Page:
Government policies promoting telemedicine may offer a small boost to medical providers. Medicare has expanded coverage for telemedicine, and on April 2 the Federal Communications Commission approved a $200 million program to help defray a medical provider's cost of connecting with patients.[4] Still, while some patients may receive care with telemedicine or reschedule elective procedures after COVID-19 restrictions are lifted, even a temporary delay of appointments will reduce a hospital's profits in the short term.

Hospitals will receive smaller payments for COVID-19 cases per bed than for providing other types of care.

As hospitals experience a decline in admissions for elective and even trauma procedures, it is important to consider the economic implications of a patient population that will skew heavily toward COVID-19 patients.

Medicare — and many commercial payers — determine how much to reimburse for hospital inpatient visits using diagnosis-related groups, or DRGs. As shown in in the figure below, COVID-19 inpatient visits will likely fall within one of five DRGs. While Medicare would likely group more moderate inpatient visits as DRGs 193 to 195 — which typically result from diagnoses of influenza, pneumonia and even SARS — more severe cases requiring mechanical ventilation would likely be grouped either as DRG 207 or DRG 208.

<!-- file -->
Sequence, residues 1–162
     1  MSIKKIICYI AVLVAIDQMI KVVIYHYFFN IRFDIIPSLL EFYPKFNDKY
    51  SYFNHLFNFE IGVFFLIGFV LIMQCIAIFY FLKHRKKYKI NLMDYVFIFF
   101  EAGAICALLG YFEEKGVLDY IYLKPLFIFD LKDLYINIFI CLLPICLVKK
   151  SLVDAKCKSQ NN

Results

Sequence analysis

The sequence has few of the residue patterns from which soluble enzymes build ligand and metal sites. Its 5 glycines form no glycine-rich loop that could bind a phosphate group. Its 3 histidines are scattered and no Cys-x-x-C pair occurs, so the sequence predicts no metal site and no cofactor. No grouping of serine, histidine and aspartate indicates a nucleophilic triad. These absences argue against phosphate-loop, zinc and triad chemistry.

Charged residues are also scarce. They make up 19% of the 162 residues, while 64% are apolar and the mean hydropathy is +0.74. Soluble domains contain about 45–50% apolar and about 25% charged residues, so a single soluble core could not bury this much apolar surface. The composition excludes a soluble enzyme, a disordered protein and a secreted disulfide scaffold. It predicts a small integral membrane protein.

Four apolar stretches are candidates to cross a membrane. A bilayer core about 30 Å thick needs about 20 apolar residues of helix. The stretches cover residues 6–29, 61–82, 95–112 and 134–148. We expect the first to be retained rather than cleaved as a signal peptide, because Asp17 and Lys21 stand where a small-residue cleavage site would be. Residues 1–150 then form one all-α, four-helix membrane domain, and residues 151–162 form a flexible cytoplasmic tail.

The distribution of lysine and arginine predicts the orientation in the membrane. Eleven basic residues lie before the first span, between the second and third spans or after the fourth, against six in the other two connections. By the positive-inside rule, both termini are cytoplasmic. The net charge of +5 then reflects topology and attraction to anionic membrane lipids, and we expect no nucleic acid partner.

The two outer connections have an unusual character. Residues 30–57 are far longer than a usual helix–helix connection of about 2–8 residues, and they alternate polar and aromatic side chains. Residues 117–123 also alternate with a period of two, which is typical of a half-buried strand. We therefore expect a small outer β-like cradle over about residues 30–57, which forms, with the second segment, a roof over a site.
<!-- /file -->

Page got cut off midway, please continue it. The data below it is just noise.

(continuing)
DRGs Likely Used for COVID-19 Hospitalizations


It is too early to know the distribution of the severity of COVID-19 cases in the U.S. However, a study by Wei-jie Guan and others found that in Wuhan, China, 6.1% of admissions required mechanical ventilation and the average length of stay was 12 days for COVID-19 hospitalizations (regardless of ventilator use).[5]

While there are differences in medical practices between the two countries and it is unknown to what extent these results will replicate in the U.S., the Guan study suggests that most COVID-19 inpatient visits would not require mechanical ventilation, and thus are likely to result in a DRG of 193 to 195.

Medicare pays between $5,322 and $10,009 for inpatient hospitalization for DRG codes 193 through 195, or $1,378 to $1,836 per day. In comparison, across all DRGs Medicare pays, on average, $13,336 per discharge, or $2,773 per day.